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Clinically feasible brain morphometric similarity network construction approaches with restricted magnetic resonance imaging acquisitions

King, Daniel J and Wood, Amanda G 2020, Clinically feasible brain morphometric similarity network construction approaches with restricted magnetic resonance imaging acquisitions, Network neuroscience, vol. 4, no. 1, pp. 274-291, doi: 10.1162/netn_a_00123.

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Title Clinically feasible brain morphometric similarity network construction approaches with restricted magnetic resonance imaging acquisitions
Author(s) King, Daniel J
Wood, Amanda GORCID iD for Wood, Amanda G orcid.org/0000-0002-1537-6858
Journal name Network neuroscience
Volume number 4
Issue number 1
Start page 274
End page 291
Total pages 18
Publisher MIT Press
Place of publication Cambridge, Mass.
Publication date 2020
ISSN 2472-1751
Keyword(s) Cognition
Connectome
Morphology
Morphometric similarity networks
Structural MRI
Summary Morphometric similarity networks (MSNs) estimate organization of the cortex as a biologically meaningful set of similarities between anatomical features at the macro- and microstructural level, derived from multiple structural MRI (sMRI) sequences. These networks are clinically relevant, predicting 40% variance in IQ. However, the sequences required (T1w, T2w, DWI) to produce these networks are longer acquisitions, less feasible in some populations. Thus, estimating MSNs using features from T1w sMRI is attractive to clinical and developmental neuroscience. We studied whether reduced-feature approaches approximate the original MSN model as a potential tool to investigate brain structure. In a large, homogenous dataset of healthy young adults (from the Human Connectome Project, HCP), we extended previous investigations of reduced-feature MSNs by comparing not only T1w-derived networks, but also additional MSNs generated with fewer MR sequences, to their full acquisition counterparts. We produce MSNs that are highly similar at the edge level to those generated with multimodal imaging; however, the nodal topology of the networks differed. These networks had limited predictive validity of generalized cognitive ability. Overall, when multimodal imaging is not available or appropriate, T1w-restricted MSN construction is feasible, provides an appropriate estimate of the MSN, and could be a useful approach to examine outcomes in future studies.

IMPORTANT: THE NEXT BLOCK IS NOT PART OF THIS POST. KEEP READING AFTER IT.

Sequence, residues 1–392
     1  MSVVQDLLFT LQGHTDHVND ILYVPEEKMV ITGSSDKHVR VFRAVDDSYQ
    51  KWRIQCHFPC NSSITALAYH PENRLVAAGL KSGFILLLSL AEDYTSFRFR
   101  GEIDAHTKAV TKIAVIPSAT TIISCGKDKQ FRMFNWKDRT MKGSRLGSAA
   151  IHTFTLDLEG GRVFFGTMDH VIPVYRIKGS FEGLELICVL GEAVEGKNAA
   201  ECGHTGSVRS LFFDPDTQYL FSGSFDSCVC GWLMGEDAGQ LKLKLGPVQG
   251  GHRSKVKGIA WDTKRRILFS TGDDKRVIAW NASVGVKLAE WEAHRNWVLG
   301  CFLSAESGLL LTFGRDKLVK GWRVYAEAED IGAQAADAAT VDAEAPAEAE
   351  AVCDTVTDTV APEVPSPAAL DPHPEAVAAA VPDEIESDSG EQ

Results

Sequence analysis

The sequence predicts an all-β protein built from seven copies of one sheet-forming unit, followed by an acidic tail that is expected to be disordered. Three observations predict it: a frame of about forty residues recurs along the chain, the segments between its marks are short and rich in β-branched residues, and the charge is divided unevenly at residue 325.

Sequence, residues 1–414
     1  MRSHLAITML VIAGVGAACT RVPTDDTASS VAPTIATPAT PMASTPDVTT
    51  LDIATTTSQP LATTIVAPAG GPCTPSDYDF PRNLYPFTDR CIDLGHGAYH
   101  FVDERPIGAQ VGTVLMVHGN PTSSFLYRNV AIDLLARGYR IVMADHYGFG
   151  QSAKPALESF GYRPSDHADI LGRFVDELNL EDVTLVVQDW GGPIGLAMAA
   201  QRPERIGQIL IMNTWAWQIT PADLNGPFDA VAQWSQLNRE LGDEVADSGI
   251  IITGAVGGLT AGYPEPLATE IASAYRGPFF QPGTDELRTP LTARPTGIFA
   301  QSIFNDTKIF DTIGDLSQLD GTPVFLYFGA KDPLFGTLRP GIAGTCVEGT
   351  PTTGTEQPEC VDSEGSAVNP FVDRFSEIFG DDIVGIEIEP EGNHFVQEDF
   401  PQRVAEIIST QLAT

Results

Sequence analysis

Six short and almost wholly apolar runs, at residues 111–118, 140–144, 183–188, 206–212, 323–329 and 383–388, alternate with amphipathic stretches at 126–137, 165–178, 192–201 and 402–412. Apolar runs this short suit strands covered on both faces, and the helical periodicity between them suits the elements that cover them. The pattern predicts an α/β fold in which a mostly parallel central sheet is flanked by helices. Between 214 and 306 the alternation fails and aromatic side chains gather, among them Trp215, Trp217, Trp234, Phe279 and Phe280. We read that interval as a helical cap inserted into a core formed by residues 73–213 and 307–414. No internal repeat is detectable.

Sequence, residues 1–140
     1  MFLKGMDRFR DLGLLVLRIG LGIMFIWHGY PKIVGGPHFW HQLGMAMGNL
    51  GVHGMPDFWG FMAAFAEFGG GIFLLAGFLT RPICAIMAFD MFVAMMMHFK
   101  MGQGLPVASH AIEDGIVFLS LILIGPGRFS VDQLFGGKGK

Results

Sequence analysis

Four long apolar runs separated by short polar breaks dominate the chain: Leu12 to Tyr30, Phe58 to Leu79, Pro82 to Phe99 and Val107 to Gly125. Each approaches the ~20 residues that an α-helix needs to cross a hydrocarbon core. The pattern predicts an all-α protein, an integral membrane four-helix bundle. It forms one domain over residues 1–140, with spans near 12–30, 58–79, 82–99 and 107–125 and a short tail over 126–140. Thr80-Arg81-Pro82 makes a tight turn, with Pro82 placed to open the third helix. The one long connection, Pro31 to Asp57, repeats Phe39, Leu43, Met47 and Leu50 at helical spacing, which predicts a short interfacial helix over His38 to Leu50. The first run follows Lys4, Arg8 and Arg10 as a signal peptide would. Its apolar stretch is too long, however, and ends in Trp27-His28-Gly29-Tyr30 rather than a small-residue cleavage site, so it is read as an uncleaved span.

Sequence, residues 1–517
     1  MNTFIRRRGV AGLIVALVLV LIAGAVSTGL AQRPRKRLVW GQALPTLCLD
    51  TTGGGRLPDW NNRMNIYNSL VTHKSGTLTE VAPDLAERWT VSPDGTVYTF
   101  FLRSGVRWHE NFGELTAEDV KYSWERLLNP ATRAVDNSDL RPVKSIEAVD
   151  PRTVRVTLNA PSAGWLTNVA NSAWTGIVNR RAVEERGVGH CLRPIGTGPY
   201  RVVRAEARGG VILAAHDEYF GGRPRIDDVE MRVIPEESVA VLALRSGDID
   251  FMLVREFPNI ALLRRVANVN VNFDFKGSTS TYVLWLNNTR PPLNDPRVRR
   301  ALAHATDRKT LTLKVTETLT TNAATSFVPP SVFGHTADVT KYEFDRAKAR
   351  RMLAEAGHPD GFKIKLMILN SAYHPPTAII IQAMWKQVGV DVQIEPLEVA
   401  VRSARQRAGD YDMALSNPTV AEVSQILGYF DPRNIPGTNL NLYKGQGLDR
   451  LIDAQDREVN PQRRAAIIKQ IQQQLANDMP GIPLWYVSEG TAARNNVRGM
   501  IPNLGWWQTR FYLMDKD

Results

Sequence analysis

Language eng
DOI 10.1162/netn_a_00123
Indigenous content off
HERDC Research category C1 Refereed article in a scholarly journal
Free to Read? Yes
Persistent URL http://hdl.handle.net/10536/DRO/DU:30136720

Document type: Journal Article
Collections: Faculty of Health
School of Psychology
Open Access Collection
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Every reasonable effort has been made to ensure that permission has been obtained for items included in DRO. If you believe that your rights have been infringed by this repository, please contact drosupport@deakin.edu.au.